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July 21, 2016

Remembering Erik Petersen of Mischief Brew

The longtime Philly punk/activist passed away last weekend; he was 38

Music Punk
Erik Petersen of Mischief Brew Yoni Kroll/for PhillyVoice

Erik Petersen of Mischief Brew.

"There's shoes not fit for their princes

But fit for we

Kings and queens

Oh, if you could taste our dreams"

Those were some of the first words I ever heard from Erik Petersen. It was 16 years ago and I found a box of tapes with a small note that read “FREE! TAKE!” on a porch on Buckingham Place, a magical alleyway of a street in West Philly. The first basement show I ever went to — Myles of Destruction, Captain Crash, Eulogy and Sputnik — was on that block in July of 2000, at The Catbox. The first squat I ever hung at, the appropriately named Buckingham Palace, was also on that block. These were formidable experiences for a 20-year-old budding punk with aspirations of mohawks and revolutions. So was hearing the music of Erik Petersen, though I didn't know it at the time.

This was before Mischief Brew was headlining shows across the world to hundreds of ecstatic fans all screaming along. Hell, this was before Mischief Brew. The tape I found in the free box, a collection of demos called "Mirth," wasn't even attributed to Petersen. There were woodcuts and illustrations of jesters and goblins and a couple circled A’s and that was basically it. The music was a weird mashup of old-timey folk and traditional songs with the energy and unflinching sneer of punk rock. I was hooked but in those pre-MySpace days had no way of finding out more.

The tape came with a patch that read “FOLK THE SYSTEM” that helped me connect the dots when, a few months later, I saw a flier with those same words advertising a show at the bar around the corner from my house. That bar, a legit hole-in-the-wall called Fiume that can hold 25 max and only if they're good friends or are too drunk to care, soon became Petersen's second home.

Fiume manager, bartender and former Mischief Brew bandmate Kevin Holland explained the connection. 

“As far as I remember, the first time Erik played Fiume was a Kettle Rebellion show. Both bar and band were in their infancy. I was in my infancy too — as a bartender. That was the night I trained to be a bartender at Fiume. Since that December 2001 show, both Erik's music and Fiume have changed a lot and not at all.”

Which is to say that it didn't matter where or when you saw Petersen, he'd always play with so much energy and an impish, infectious smile on his face. And he'd play so much. In those days it was at Fiume or in the basement of Dahlak — really, they had shows there back then — or playing in various West Philly houses. Pretty soon after that, those same solo songs that Petersen had been working out for a couple years turned into a full band endeavor with Kettle Rebellion, which eventually turned into Mischief Brew.

Christopher 'Doc' Kulp, original drummer for Kettle Rebellion and Mischief Brew and later an occasional second percussionist, guitar player, and (at least a few times) trumpeter, said, "It was hard not to be taken with him, once he started performing. … We had a pretty small and rustic set up, and I remember one show in a barn in Maine where Erik, Shantz [Sean Yantz, original bassist] and I grabbed my cast-iron pot, some odd percussion, and an old bugle, and paraded through the crowd to the performing area to start. That was one of those things he just decided at the last minute."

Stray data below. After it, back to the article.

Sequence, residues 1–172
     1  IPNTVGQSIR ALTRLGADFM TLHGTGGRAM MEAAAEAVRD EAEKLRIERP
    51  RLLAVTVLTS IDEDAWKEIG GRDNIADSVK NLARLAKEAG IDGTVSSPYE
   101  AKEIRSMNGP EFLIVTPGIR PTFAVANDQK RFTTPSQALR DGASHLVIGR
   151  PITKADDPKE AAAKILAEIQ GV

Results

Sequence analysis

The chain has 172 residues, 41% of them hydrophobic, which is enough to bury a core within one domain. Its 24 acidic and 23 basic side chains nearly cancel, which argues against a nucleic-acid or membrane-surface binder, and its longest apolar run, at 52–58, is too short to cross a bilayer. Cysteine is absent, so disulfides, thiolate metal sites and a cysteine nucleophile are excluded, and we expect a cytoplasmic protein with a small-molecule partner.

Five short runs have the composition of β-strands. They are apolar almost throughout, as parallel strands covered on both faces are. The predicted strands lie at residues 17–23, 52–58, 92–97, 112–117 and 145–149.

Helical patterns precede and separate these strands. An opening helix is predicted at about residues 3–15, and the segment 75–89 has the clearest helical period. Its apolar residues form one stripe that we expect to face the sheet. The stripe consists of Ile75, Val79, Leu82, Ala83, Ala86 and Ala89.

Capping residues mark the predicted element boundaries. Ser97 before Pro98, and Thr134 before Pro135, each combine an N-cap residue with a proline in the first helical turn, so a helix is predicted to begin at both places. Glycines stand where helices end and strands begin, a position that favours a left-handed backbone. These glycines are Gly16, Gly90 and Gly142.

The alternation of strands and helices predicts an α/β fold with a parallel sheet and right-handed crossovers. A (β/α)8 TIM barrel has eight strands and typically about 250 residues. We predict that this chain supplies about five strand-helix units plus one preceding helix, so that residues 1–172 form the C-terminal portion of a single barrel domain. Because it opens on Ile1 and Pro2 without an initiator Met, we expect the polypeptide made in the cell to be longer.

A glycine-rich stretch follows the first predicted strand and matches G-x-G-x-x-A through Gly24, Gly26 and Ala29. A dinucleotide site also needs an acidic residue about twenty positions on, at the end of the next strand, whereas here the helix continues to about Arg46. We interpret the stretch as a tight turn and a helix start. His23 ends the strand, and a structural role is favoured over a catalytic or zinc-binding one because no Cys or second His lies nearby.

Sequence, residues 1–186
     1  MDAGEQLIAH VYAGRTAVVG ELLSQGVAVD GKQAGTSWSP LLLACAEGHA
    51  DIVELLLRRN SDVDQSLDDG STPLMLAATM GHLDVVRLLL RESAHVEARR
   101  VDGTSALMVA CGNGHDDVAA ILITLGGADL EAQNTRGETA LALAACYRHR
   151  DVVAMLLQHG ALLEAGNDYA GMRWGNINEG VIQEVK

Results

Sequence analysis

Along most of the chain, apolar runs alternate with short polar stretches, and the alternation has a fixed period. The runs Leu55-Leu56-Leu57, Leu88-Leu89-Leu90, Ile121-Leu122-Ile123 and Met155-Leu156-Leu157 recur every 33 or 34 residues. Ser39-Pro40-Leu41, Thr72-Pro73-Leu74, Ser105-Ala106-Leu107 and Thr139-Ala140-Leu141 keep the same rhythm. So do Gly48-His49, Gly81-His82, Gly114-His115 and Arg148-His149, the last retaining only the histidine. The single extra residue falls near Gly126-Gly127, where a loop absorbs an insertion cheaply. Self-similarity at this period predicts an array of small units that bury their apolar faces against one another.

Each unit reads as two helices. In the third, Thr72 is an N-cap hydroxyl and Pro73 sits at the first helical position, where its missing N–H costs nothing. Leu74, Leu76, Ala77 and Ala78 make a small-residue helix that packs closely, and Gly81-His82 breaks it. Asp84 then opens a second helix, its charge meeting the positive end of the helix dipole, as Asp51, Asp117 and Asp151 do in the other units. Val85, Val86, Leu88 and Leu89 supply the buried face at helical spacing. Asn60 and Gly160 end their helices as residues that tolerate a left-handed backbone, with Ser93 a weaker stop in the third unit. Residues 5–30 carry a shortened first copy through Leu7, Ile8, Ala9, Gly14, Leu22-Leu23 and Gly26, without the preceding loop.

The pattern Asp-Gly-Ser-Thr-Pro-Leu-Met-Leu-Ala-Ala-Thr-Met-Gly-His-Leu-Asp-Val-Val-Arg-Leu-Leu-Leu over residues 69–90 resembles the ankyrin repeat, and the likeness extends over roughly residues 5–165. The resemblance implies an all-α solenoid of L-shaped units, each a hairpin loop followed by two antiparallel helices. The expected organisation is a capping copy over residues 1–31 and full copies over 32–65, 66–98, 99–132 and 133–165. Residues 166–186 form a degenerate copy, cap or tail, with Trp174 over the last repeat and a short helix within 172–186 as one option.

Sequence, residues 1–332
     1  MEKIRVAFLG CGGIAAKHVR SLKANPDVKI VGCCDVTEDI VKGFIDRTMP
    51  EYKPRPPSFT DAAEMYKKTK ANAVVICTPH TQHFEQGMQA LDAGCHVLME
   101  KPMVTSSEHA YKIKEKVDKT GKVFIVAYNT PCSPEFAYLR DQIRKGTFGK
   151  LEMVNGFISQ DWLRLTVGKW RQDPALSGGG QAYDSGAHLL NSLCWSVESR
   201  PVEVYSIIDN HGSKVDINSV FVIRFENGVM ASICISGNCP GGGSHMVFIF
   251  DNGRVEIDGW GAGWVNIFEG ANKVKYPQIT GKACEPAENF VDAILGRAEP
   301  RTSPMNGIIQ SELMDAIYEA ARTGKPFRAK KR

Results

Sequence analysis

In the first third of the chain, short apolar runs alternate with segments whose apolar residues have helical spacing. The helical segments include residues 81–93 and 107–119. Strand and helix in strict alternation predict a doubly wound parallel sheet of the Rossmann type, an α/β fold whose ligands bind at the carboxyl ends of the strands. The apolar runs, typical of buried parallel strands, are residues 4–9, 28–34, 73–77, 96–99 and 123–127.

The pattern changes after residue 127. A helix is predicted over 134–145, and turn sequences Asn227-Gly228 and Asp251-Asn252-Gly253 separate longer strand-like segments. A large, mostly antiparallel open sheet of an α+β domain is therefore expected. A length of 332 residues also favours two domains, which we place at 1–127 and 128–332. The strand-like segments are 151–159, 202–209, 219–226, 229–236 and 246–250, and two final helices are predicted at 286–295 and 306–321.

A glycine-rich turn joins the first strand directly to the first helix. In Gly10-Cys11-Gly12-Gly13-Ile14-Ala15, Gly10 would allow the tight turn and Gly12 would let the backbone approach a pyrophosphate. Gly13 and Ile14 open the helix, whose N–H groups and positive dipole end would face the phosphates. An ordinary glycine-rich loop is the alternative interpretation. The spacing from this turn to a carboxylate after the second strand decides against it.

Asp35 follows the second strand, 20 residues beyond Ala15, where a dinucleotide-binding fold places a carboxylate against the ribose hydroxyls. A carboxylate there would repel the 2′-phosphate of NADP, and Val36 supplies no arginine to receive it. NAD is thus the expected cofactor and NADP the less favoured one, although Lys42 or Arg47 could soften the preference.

"You're the gas upon my flames
My love and rage all rolled up into one
For every time your gun goes off
A new rebel is born"

Mischief Brew began putting out albums at a fast clip and Petersen, with the help of his incredible wife Denise and an army of pugs at their side, turned the band and the label they started, called Fistolo, into a self-sufficient enterprise. Well, as self-sufficient as it gets in DIY punk. With a couple albums and tours under its belt, the band started playing bigger and bigger venues. But true to form, Petersen would still end up at Fiume or, more importantly in those years, playing at protests and other political events.

In 2003, at one of the biggest anti-war marches in Philadelphia, Petersen played an impromptu set in Rittenhouse Square under a canopy of black flags and a cacophony of political banners. With that same mischievous smile I first noticed at Fiume plastered across his face, he led the crowd in a chant of “F--- war!” before launching into the song “Against,” which has some of the most acerbic lyrics this side of Woody Guthrie, one of his heroes: “These songs for peace/ How I wish they'd turn into antiques/ To never sing against war again.”

Yoni Kroll/for PhillyVoice

Erik Petersen of Mischief Brew, performing at Occupy Philly.

It was in environments like that where he truly shined. From the beginning, when he'd play a never-ending series of anti-death penalty rallies organized by PA Abolitionists, to a memorable set at Occupy Philly in 2011, to countless benefits for causes big and small, he was always, always ready to play. His songs straddled the line between the personal and political and he effortlessly melded the two in everything he did.

Listening to Petersen's music is easy. That's not to say that the music itself is simple or the lyrics too general and noncommittal in nature. It's more that it's always felt very friendly, mirroring its maker in many, many ways. You want to enjoy it because it's fun, because it's interesting, because you recognize something of yourself in the song. As musician Julian Root put it during a memorial event on WXPN last week, “Erik told our own stories back to us and made us feel like heroes.”